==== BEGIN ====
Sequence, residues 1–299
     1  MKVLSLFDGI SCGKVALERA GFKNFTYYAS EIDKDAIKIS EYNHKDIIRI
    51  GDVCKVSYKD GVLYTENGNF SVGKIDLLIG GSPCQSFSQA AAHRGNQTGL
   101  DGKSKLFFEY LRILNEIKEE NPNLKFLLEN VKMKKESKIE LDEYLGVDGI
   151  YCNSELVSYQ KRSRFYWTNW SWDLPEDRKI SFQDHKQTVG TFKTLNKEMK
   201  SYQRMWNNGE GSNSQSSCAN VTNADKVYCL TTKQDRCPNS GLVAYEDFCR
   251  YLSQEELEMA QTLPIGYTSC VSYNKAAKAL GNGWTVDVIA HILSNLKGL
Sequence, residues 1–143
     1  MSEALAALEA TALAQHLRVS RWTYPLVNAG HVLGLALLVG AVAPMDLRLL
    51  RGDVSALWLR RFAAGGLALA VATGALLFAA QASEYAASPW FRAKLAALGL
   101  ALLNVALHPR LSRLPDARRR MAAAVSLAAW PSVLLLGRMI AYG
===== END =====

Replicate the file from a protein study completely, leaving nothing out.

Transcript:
Sequence, residues 1–299
     1  MKVLSLFDGI SCGKVALERA GFKNFTYYAS EIDKDAIKIS EYNHKDIIRI
    51  GDVCKVSYKD GVLYTENGNF SVGKIDLLIG GSPCQSFSQA AAHRGNQTGL
   101  DGKSKLFFEY LRILNEIKEE NPNLKFLLEN VKMKKESKIE LDEYLGVDGI
   151  YCNSELVSYQ KRSRFYWTNW SWDLPEDRKI SFQDHKQTVG TFKTLNKEMK
   201  SYQRMWNNGE GSNSQSSCAN VTNADKVYCL TTKQDRCPNS GLVAYEDFCR
   251  YLSQEELEMA QTLPIGYTSC VSYNKAAKAL GNGWTVDVIA HILSNLKGL
Sequence, residues 1–143
     1  MSEALAALEA TALAQHLRVS RWTYPLVNAG HVLGLALLVG AVAPMDLRLL
    51  RGDVSALWLR RFAAGGLALA VATGALLFAA QASEYAASPW FRAKLAALGL
   101  ALLNVALHPR LSRLPDARRR MAAAVSLAAW PSVLLLGRMI AYG